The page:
Fierce objections have been raised to plans to put in two ‘lagoons’ to deal with foul waste by-products at Boston’s tip.
Waste Recycling Group (WRG) has submitted plans to Lincolnshire County Council to build a facility to treat leachate – the water which runs off rubbish – on land at Slippery Gowt Lane.
The company says the site, which would accept waste from King’s Lynn and Skegness, would not cause problems for residents and nearby businesses – but Wyberton Parish Council has other views.
At a meeting on Monday, the authority’s vice-chairman John Chester said: “There is already the waste transfer site. This is not fair to the Boston people. Leachate can contain anything. Why should we finish up with all the waste from Skegness and King’s Lynn?”
Councillors said they were concerned about potential smell, which could affect residents amenity and could impact on food factories in the area. They also raised issues over increased traffic and the fact that there was not a recent odour assessment available to support the application.
Coun Richard Austin added: “We have got a lot of people who live quite close to this. It’s not the sort of activity you want in an urban area.”
Substance from the lagoons would be used to irrigate planting which is due to take place on the current landfill site when it ceases to be used in the future. Planning permission has not yet been submitted for this – an issue which raises questions in itself, councillors have said.
Coun Alison Austin, who represents people living nearby for Boston Borough Council, also raised concerns, adding: “The environment of the local community is potentially being sacrificed to solve environmental problems of a commercial company.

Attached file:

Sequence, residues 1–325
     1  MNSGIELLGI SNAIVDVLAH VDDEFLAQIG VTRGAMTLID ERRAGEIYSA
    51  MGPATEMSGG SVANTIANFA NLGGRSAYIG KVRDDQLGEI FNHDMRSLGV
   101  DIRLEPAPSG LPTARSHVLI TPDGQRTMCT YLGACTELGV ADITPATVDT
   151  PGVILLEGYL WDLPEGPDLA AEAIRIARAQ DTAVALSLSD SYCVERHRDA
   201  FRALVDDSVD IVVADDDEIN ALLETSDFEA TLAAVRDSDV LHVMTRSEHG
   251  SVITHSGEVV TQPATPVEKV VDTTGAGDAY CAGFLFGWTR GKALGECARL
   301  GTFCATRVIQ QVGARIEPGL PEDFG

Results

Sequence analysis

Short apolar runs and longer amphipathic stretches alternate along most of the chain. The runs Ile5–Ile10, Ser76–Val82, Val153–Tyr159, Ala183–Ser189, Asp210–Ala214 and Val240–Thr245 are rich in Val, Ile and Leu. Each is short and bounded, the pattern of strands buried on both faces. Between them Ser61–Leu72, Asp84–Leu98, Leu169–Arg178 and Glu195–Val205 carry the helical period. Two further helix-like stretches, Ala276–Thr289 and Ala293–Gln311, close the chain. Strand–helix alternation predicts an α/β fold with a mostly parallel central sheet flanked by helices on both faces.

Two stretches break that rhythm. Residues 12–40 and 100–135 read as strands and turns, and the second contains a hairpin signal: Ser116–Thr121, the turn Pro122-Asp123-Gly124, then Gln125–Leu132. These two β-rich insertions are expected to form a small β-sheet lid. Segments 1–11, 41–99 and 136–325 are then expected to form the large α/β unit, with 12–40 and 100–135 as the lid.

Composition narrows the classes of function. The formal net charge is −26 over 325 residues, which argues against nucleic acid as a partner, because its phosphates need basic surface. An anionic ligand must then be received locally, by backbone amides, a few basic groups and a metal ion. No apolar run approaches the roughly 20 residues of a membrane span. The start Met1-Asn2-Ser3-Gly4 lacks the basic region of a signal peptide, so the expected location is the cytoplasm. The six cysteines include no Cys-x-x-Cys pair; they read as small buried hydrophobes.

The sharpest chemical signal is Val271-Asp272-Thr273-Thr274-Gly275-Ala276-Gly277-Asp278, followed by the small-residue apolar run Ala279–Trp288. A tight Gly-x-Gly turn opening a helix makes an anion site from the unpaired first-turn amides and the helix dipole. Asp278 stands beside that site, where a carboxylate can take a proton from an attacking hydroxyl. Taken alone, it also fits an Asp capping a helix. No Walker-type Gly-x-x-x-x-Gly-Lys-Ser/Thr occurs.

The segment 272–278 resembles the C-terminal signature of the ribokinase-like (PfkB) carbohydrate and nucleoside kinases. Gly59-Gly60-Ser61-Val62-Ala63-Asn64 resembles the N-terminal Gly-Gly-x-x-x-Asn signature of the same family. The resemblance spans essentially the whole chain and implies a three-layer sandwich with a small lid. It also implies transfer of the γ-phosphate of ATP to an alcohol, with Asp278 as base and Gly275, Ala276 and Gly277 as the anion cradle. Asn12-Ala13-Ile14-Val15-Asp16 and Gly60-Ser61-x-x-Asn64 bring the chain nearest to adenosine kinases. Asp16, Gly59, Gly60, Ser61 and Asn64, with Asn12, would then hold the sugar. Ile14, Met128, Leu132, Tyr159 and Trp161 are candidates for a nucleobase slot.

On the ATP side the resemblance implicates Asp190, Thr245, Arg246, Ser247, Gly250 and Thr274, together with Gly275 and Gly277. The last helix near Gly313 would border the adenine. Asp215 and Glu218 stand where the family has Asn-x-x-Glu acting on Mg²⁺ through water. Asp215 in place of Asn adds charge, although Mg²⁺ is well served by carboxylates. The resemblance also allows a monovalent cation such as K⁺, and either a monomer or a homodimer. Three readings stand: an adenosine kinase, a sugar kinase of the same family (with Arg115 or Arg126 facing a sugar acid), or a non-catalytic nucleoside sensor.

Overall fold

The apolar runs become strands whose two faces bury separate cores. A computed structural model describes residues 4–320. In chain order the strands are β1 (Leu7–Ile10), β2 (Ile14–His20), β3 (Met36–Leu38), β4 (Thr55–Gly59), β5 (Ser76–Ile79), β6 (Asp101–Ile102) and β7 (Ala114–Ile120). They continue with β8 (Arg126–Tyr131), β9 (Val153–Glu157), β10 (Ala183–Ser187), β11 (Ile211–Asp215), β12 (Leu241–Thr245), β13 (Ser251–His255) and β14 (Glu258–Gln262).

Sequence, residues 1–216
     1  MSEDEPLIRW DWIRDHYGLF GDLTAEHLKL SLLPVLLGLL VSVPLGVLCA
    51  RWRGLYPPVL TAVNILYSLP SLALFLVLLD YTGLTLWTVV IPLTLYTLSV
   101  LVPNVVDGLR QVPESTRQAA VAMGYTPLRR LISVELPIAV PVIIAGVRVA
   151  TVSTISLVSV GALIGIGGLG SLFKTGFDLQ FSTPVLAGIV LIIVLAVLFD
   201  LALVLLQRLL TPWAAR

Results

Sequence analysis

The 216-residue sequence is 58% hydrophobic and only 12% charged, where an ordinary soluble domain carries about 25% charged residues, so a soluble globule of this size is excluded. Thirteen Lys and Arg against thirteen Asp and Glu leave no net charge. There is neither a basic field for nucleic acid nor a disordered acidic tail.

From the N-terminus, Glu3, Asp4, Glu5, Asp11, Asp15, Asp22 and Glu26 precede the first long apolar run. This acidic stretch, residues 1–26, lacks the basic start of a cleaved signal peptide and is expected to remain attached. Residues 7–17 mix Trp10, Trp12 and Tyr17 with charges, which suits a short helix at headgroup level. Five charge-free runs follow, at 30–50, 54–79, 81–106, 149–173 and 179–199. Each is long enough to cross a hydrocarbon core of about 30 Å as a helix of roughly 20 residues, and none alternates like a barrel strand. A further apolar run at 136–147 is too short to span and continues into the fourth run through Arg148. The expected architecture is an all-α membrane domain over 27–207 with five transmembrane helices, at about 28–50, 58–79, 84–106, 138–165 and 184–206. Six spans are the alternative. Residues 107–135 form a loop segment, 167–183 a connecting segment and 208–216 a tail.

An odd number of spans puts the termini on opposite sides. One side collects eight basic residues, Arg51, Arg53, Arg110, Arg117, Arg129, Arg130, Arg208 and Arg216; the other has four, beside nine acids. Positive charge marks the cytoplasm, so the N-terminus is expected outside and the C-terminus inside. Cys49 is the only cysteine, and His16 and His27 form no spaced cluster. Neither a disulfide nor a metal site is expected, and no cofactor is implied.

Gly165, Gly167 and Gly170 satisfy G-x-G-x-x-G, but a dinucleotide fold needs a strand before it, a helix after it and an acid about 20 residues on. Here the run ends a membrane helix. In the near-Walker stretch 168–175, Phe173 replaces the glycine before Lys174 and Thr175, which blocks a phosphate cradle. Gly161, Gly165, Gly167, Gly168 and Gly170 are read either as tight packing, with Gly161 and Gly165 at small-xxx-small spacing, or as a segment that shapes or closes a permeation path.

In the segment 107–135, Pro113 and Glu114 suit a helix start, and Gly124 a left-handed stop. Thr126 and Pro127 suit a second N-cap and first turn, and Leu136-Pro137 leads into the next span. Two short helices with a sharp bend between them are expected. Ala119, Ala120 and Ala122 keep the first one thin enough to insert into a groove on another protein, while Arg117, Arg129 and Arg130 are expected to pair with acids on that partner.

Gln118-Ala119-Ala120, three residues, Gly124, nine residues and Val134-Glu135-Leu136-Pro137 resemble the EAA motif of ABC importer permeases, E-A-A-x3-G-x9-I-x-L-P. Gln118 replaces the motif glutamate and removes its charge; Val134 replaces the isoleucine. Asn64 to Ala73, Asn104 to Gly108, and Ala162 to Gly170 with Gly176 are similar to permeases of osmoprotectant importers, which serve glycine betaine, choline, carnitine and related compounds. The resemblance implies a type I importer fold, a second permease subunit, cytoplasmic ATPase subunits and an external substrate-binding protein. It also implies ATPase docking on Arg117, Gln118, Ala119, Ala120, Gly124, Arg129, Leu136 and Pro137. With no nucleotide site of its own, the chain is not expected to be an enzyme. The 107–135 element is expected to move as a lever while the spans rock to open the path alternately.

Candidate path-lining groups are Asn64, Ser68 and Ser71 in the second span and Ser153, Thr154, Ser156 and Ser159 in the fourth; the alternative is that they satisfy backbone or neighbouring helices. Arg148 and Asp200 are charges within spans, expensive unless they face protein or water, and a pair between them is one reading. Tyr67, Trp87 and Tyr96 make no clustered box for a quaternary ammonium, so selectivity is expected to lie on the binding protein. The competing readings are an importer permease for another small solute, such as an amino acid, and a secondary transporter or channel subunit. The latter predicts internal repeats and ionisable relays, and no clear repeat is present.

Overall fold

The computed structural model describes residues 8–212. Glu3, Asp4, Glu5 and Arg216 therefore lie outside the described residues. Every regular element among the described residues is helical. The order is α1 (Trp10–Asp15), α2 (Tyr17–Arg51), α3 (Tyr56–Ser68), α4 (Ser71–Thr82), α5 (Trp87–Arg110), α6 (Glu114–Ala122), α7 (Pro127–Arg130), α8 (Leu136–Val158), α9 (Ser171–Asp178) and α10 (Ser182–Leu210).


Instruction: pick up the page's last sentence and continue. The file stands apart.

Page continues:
“Leachate treatment works, in common with sewage farms, should be sited well from urban or residential areas. These treatment lagoons could be affecting residents on both sides of the river within a mile of the Slippery Gowt landfill site.”
Both councillors and local residents are also worried about the number of heavy vehicles which will be heading to the site, but according to a report form the company behind the plans, the increase will be minimal.
Molly Fixter, who lives on Marsh Avenue, said: “Does that mean tankers full of obnoxious dirty water will be using Boston’s busy roads?”
She is also worried about the impact it will have on the local environment.
Councillors have submitted a formal objection, and are calling on residents to contact them with their views. Call council clerk Karen Allen on 01205 461274.
The closing date for objections to this application is February 28.